New gallery space aims to transform Deptford art scene

No Format Gallery. Pic: Simon Ellis

no format Gallery. Pic: Simon Ellis

A new gallery was launched last week in Deptford aiming to secure a future for South London’s vibrant arts scene.

The new ‘no format’ gallery space on Rolt Street forms part of Second Floor Studio and Arts.

In 2019, company director, Matthew Wood, will open a further 68 studio spaces at Anthology Foundry, Deptford, backed by £280,000 of Arts Impact funding. At this time, no format will relocate into the Anthology development alongside artists’ studio spaces.

Wood said he hoped to provide crucial creative space in the face of huge difficulties for the industry. Citing recent studio closures in Hackney, as well as Second Floor’s move out of their previous space due to housing developments, he said to turn the situation around it would take “serious intervention”.

No Format Gallery. Pic: Simon Ellis

no format Gallery. Pic: Simon Ellis

Wood is also aiming to involve local communities in the arts. He said: “We don’t just provide workspace, we do a lot more. We have the gallery, we do talks once a month, we do a continual professional development programme, we engage with so many other organisations locally.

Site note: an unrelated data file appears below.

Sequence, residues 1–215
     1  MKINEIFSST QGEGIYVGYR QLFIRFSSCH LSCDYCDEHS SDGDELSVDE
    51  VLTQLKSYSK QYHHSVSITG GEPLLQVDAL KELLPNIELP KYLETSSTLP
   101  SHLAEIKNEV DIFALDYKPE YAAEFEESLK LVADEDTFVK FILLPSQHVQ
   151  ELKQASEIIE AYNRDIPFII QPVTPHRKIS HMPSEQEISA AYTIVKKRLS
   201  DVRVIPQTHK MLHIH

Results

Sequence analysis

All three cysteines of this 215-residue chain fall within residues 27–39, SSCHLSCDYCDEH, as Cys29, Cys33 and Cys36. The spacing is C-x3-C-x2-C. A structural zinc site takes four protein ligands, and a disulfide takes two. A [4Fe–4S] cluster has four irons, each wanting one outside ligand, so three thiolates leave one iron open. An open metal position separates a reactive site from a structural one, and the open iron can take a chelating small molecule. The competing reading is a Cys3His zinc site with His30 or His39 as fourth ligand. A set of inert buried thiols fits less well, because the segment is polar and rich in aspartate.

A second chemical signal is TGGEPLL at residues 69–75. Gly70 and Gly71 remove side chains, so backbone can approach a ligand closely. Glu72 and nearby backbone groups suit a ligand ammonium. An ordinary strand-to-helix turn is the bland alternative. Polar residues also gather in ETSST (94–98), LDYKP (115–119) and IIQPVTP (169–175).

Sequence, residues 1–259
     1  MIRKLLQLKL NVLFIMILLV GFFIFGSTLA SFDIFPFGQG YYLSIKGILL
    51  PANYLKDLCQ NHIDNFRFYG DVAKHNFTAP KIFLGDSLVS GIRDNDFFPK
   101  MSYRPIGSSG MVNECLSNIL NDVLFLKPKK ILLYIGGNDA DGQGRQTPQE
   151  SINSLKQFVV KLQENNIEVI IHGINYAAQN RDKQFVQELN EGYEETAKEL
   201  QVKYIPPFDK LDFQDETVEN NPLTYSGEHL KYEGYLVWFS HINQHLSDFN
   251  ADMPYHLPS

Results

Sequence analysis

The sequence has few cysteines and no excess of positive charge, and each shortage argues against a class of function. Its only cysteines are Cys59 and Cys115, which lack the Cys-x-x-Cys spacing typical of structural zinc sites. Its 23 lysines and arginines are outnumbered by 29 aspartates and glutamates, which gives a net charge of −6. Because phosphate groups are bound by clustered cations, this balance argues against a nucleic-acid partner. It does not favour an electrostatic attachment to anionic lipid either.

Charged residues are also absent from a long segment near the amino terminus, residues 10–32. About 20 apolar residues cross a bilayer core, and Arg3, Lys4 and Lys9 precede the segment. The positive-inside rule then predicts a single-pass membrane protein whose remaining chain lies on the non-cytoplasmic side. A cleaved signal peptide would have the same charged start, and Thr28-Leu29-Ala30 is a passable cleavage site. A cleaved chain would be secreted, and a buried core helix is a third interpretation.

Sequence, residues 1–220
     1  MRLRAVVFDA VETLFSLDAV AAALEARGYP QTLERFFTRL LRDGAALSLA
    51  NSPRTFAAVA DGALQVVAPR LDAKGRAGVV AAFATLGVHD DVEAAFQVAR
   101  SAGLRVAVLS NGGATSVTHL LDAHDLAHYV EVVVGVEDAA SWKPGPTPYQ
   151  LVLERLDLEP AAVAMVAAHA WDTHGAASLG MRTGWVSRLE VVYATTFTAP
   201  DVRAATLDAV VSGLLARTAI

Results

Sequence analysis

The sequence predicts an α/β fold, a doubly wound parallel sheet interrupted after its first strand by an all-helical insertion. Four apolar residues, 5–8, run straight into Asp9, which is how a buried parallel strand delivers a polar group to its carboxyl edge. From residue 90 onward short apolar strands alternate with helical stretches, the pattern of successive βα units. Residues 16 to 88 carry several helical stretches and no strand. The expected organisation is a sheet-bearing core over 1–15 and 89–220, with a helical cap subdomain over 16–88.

“We work with all the local schools, primary and secondary, and obviously you’ve got Goldsmiths close by. Straight away we’d be looking to see what opportunities we might have.” Wood added: “When we transition into the permanent space there will be even more on offer.”

Wood also said he hoped a redevelopment focused on arts would buck a trend of investments in vibrant communities being at the locals’ expense. He said: “I have been in Deptford, Greenwich, New Cross, for a long time. The things that were happening years ago, spontaneous pop-up events, all that vibrancy is just gone.”

“There is always the next generation coming in and bringing new things with it, but because there is so much redevelopment in the area, you’re losing so many artists’ studios and creative spaces. The underbelly is actually being really squeezed out.”

Credit: Rachel Ara

Rachel Ara’s artwork. Credit: Rachel Ara

The first, free exhibition at no format Gallery includes work by computer programmer turned fine artist Rachel Ara. Ara’s self-evaluative piece ‘This Much I’m Worth’, exhibited at the gallery, won the International Aesthetica Art Prize this year.

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